"Most likely the DPW will still request the removal in the usual 30 days because the defacing business owners need to fulfill their duty and not allow graffiti to deface their stores," she said.

The city's stance is that allowing one graffiti writer to mark a spot will encourage others to throw up their own pieces, yet there is an argument to be made for not being as vigilant as the city has been and plans on upping.

"The consequences of them cleaning up like this is that the stuff that is done now is put up quickly and with less effort," said Rotman.

Usually, cleaning up the graffiti doesn't discourage taggers - instead, it lowers the quality. When graffiti writers think that their pieces will be buffed out the next day or two, they spend less time on them and mark up quick outlines with no color.

Most agree, however, that if you put up murals where graffiti is common then almost no one will go over another artist's or writer's work.

"At least 60-75 percent of graffiti writers respect that you don't tag over someone's piece," said Rotman.

And creating these murals in the community is something that the San Francisco Arts Commission wants to help the DPW jump start.

"We want to find ways for legitimate expression of street art, so that we capture San Francisco's artistic energy in legal, respectful, and attractive ways," said Reiskin.

Some residents of the Mission are concerned that the new graffiti initiative is allocating money to a issue that is only a concern to the few places that are vandalized.

"I think that there are so many beautiful pieces that I have seen around here that it seems like a waste of our tax dollars to do all of this for the few little scribbles that I see once and a while," said Ronnie Luis, a 26th Street resident of five years.

Rotman has spent everyday for the last five years documenting graffiti and thinks that the public officials are making graffiti into a bigger issue than it really is.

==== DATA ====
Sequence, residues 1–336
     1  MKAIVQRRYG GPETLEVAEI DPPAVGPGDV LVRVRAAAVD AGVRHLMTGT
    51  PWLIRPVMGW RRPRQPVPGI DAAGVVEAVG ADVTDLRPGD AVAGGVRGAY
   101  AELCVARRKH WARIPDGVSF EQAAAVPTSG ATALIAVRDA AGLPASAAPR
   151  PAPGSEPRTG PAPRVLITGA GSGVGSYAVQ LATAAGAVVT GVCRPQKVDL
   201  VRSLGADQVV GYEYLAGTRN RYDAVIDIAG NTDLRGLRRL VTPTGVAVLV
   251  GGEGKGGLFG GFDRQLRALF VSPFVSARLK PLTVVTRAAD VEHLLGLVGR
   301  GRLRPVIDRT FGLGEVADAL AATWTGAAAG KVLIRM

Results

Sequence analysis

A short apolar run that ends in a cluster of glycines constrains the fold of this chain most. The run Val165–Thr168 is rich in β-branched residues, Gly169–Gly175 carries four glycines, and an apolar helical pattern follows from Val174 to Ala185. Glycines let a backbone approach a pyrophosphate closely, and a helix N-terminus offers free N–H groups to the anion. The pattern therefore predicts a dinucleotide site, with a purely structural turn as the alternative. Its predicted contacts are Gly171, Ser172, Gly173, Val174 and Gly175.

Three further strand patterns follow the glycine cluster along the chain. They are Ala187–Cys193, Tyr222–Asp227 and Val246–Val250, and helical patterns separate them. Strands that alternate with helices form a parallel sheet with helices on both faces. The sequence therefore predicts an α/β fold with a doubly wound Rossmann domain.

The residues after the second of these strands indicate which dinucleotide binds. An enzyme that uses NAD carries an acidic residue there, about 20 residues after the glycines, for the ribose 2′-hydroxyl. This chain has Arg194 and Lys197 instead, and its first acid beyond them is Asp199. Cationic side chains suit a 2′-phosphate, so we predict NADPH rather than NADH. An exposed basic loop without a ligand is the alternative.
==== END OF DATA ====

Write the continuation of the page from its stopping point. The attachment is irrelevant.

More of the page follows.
"Right now it is sparkling clean compared to a few years ago. You have to go out in search of graffiti now," he said, recalling rooftops and vacants covered in graffiti. He thinks the project is "all politics."

While some graffiti writers notice the new swing in popularity that this creative expression has garnered.

"It seems like all of the sudden it's the cool thing to do. In 2006 the movie 'Piece by Piece' came out (graffiti documentary) it really kick started alot of kids and inspired people to go out. Now it seems a lot of kids and people in general who would never have gone out and painted are painting," said SAVZ.

But as graffiti becomes harder to spot for those in search, street murals continue to grow in spots like Lilac, Clarion and Balmy Alleys with the help of community art projects like Precita Eyes.

The community is waiting to see if the "Zero Graffiti" project will reduce the number of tags seen on building windows and MUNI backseats. The high concentration of murals in the Mission might be thought of as a model for the rest of the city in this "Zero Graffiti" project but some people think no amount of efforts to clean the streets will wipe out this urban expression.

"People will always do what they want no mater what. Most graffiti writters like that extra risk anyway," said SAVZ.